In fact, one of my favorite aspects of Hi Score Girl is the many moments of gameplay in "full screen mode". Every episode of Season 1 is chock-full of full-screen goodness that brings you right into the game the kiddos are playing in the moment. We're not talking entire matches or levels, but you definitely get to enjoy the game along with 'em for a short while. Nostalgic 2D sprites also randomly fly across the backdrops at the weirdest times, breaking up some of the typical (slow-ish) storytelling and character development.
 
Before watching the anime, I knew a little bit about Hi Score Girl and its direct homages to Street Fighter 2, specifically. What I wasn't expecting... was how many other great homages there are, including a more-than-healthy dose to my all time favorite 2D beat-em-up title, Final Fight. There are plenty of other fighting games referenced too, including Darkstalkers, Samurai Shodown, Mortal Kombat, and plenty of other (non-fighting game) arcade classics.

The show doesn't take long to venture inside of the player's mindset during a Street Fighter 2 match, citing specific strategies such as "turtling" and "throw janks". Those of us who love playing fighting games competitively can immediately relate to some of the "mind game moments" that take place during an intense match with another human. And for those of us who remember actually playing games in arcades, the show comically brings up awkward (yet perhaps memorable) real life public situations when playing at an arcade.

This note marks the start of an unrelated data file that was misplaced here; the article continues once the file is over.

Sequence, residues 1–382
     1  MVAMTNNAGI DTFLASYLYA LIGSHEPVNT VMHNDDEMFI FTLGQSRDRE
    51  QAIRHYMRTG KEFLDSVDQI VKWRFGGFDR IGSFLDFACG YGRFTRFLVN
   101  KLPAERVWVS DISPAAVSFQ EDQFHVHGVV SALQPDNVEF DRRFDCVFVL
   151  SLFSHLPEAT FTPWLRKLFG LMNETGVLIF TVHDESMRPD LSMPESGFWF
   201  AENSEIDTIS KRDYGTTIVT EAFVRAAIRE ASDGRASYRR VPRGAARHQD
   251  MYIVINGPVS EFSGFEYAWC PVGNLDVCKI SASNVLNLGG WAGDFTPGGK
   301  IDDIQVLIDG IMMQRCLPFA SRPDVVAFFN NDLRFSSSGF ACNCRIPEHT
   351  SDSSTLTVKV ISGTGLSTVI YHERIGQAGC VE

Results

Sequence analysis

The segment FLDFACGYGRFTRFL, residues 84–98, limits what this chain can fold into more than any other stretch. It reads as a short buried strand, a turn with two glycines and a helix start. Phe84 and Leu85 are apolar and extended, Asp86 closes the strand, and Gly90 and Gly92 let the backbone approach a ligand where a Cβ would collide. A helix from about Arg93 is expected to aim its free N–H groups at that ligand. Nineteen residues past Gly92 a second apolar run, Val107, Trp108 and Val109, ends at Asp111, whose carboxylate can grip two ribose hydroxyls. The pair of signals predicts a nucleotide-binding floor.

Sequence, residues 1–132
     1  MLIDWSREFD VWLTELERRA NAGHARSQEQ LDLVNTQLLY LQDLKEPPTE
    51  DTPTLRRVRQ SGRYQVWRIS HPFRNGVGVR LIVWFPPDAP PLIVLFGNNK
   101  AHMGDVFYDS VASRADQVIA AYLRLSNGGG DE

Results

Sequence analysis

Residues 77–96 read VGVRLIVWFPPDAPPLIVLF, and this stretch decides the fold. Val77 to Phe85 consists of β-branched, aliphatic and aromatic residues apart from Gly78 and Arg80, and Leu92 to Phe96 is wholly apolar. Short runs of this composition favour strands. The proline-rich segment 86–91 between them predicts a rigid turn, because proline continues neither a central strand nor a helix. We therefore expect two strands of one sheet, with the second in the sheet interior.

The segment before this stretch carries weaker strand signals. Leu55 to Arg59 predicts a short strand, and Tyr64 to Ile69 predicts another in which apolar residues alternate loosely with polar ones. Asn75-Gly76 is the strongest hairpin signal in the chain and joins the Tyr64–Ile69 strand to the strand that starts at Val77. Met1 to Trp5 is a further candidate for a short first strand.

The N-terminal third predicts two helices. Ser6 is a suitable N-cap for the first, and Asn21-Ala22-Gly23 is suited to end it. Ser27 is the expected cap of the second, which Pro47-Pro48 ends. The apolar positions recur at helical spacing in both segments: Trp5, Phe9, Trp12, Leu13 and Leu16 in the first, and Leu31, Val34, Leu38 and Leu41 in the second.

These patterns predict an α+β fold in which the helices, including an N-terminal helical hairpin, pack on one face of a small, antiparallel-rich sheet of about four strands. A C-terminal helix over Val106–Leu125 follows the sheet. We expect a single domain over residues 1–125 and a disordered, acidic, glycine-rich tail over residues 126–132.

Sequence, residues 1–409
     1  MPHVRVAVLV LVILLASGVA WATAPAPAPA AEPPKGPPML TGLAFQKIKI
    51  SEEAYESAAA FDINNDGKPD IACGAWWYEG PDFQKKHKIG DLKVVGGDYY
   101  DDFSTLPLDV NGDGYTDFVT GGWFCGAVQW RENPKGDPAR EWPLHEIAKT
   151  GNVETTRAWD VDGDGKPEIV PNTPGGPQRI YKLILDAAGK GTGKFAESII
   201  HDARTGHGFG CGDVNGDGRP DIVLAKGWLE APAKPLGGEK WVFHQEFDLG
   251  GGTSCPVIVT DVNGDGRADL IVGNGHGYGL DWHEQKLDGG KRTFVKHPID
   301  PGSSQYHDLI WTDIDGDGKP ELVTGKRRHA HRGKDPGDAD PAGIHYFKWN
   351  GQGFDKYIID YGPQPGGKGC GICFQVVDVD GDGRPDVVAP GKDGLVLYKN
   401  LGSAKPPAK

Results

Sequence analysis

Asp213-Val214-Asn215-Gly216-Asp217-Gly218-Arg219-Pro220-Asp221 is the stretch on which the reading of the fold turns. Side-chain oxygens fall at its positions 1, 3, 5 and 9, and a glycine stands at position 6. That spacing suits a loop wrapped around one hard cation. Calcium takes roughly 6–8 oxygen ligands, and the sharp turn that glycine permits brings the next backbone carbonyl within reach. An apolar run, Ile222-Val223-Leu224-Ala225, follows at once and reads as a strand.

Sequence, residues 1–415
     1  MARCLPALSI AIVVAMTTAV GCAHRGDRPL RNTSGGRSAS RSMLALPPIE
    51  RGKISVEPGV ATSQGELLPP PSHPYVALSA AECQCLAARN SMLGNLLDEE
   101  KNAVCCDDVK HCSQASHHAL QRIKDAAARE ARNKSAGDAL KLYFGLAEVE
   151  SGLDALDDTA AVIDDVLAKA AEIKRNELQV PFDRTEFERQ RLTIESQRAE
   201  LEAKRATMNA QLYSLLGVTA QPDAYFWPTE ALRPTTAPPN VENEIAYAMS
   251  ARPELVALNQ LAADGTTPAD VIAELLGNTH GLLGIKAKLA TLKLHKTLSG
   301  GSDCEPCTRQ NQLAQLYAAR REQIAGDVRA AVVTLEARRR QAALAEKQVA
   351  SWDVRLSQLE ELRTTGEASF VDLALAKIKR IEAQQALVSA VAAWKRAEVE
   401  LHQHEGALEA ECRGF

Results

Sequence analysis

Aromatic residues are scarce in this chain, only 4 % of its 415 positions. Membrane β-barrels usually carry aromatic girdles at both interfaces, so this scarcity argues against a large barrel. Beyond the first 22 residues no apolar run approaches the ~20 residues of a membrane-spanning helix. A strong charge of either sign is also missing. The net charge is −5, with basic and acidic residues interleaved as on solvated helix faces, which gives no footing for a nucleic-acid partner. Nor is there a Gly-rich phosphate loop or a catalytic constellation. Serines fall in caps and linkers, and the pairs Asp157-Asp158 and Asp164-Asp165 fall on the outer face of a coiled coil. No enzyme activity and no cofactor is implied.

Continue To Part 2 

 

Sources:  Hi Score Girl NetflixWarnerbrosanime  

RELATED NEWS  |  August 2020
AKIMAN, Akira Nishitani & John Tobias Talk Fighting Games in Netflix's High Score

Netflix's new series High Score retells the colorful history of video games, spanning the genre's major evolutions during the '80s and early '90s. In Episode 5, iconic Street Fighter 2  Director & Designer Akira Nishitani is joined by Akira "AKIMAN" Yasuda to talk about the humble beginnings of fighting games and the Street Fighter series.
  Related News:   (2-11-2019): The History of Street Fighter: The Movie (The Game),
  (2-10-2019): Final Fight Developers Interview / TFG Retrospective